Introducing the Russell-Einstein Manifesto in the Modern World

The Russell-Einstein Manifesto was a product of the cold war Cold War arms race that ignited debate in the public sphere on the issue of nuclear proliferation.

Emerging from a correspondence between a number of prominent intellectuals, the manifesto captured international attention on its initial publication. While the manifesto is a significant historical document, what is its contemporary relevance? Following a historical overview this post will discuss contemporary issues and the possibility of impetus again being injected into the disarmament debate from an unexpected source.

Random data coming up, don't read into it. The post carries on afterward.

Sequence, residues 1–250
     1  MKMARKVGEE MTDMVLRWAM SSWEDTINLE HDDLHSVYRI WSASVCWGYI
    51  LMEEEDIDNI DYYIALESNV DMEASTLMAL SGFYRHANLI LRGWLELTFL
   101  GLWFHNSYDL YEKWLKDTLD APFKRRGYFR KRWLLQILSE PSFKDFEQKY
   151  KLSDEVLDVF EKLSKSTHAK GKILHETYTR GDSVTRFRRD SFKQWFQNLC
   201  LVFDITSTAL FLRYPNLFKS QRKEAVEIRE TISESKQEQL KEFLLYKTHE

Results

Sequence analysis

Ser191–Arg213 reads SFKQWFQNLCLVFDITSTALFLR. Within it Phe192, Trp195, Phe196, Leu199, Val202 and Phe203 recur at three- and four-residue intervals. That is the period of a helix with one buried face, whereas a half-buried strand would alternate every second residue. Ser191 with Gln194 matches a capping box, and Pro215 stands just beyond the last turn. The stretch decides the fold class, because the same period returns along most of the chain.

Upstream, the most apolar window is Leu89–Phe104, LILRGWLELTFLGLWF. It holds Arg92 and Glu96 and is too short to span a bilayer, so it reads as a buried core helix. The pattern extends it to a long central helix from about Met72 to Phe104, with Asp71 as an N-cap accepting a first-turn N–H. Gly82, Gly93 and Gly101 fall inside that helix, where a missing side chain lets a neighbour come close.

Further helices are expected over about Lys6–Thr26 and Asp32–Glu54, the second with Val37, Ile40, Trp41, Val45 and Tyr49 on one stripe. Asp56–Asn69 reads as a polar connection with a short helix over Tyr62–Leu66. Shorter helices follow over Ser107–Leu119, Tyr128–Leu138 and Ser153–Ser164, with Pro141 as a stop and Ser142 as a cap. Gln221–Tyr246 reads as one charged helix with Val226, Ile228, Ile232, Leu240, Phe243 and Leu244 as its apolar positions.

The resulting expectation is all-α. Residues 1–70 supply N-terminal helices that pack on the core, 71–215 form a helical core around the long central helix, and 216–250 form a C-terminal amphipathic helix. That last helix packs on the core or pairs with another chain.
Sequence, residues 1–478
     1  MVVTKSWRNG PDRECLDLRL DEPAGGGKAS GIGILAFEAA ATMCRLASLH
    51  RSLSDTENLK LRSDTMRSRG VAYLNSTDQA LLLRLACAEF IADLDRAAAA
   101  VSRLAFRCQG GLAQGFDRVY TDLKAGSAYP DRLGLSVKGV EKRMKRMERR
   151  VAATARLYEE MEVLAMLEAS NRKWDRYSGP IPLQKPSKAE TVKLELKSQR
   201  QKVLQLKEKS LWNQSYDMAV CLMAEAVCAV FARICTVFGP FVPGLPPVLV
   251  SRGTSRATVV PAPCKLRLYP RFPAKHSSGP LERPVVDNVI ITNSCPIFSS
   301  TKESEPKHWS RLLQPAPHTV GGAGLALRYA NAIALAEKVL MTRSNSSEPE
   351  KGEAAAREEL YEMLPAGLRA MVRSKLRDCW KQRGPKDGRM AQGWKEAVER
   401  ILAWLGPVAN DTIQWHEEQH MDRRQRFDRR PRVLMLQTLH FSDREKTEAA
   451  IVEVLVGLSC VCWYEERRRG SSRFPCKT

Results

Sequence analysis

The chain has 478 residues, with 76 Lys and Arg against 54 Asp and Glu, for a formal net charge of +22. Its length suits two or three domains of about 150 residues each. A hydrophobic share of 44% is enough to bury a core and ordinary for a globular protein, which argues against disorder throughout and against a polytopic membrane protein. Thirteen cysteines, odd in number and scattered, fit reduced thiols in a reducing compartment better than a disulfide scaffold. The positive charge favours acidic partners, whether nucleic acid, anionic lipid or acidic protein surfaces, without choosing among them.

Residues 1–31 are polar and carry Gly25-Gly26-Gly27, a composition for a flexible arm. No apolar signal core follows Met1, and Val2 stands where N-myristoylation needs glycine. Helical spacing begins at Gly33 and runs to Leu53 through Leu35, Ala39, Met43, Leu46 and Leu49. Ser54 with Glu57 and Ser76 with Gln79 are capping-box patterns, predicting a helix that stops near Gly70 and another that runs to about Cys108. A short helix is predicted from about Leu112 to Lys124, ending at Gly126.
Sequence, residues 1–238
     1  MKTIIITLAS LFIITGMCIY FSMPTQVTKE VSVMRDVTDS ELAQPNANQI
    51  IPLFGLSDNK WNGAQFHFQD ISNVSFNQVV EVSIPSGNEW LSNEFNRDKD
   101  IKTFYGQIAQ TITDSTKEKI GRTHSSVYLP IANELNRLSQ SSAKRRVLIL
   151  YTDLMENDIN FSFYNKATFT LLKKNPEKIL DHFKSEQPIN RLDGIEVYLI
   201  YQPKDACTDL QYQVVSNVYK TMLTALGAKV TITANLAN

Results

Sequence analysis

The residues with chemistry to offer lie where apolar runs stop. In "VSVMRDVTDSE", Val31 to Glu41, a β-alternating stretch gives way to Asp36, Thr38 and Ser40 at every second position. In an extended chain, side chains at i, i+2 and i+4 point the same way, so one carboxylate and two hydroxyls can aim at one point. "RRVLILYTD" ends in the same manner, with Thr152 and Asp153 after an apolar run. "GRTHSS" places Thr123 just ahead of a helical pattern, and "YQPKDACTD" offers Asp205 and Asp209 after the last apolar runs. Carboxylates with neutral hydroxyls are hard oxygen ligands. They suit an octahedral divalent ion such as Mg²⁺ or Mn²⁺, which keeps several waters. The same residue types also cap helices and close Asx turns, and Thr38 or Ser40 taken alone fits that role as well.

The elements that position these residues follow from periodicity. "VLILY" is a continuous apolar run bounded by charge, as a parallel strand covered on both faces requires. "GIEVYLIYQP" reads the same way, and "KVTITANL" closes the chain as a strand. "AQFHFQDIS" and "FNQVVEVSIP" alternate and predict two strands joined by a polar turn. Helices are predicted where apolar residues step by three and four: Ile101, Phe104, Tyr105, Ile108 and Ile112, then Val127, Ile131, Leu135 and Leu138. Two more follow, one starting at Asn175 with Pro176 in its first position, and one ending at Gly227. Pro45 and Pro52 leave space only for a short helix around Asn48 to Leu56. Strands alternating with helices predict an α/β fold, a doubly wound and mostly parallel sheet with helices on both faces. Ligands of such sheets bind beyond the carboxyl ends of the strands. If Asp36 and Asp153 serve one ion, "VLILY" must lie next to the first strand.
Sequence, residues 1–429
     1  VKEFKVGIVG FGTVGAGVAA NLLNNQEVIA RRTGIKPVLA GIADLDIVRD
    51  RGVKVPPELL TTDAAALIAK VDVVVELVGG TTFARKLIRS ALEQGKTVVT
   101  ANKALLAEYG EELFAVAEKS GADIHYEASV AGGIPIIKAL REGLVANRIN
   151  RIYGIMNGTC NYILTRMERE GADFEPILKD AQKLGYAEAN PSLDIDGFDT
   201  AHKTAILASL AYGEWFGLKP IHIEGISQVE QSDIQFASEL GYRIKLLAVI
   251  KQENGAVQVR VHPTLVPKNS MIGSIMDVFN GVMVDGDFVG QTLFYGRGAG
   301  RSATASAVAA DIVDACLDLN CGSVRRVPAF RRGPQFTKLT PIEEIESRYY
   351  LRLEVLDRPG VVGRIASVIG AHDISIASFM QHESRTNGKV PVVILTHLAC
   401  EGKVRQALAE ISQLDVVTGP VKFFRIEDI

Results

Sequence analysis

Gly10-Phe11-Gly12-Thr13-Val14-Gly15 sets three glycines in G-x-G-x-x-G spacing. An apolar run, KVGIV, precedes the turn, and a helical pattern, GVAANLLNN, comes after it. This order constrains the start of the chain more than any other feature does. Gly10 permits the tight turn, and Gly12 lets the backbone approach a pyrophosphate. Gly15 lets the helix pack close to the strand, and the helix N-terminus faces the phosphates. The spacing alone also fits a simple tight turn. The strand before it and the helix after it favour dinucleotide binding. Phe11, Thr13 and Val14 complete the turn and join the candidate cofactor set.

In 1946, when the planet had only recently witnessed the destructive power of the atomic bombing of Hiroshima and Nagasaki, the philosopher Bertrand Russell gave a lecture in London expressing his belief that advances in science, primarily the atom bomb, meant humanity had created a world where war “means, sooner or later, universal death” and called for a “revival of Liberal tentativeness” over conflicts of ideology to safeguard the future of the human race. While Albert Einstein, for his part, wrote six years later in the Bulletin of the Atomic Scientists on what he believed to be the moral necessity for scientists to express value judgements, to go beyond being satisfied by understanding the world around us and influence it instead of allowing themselves to be demeaned by their complicity in the “perfection of the means for the general destruction of mankind”. He concluded that if they “could find the time and courage” to do so “the possibilities for a sensible and satisfactory solution of the present dangerous international solution would be considerably improved”.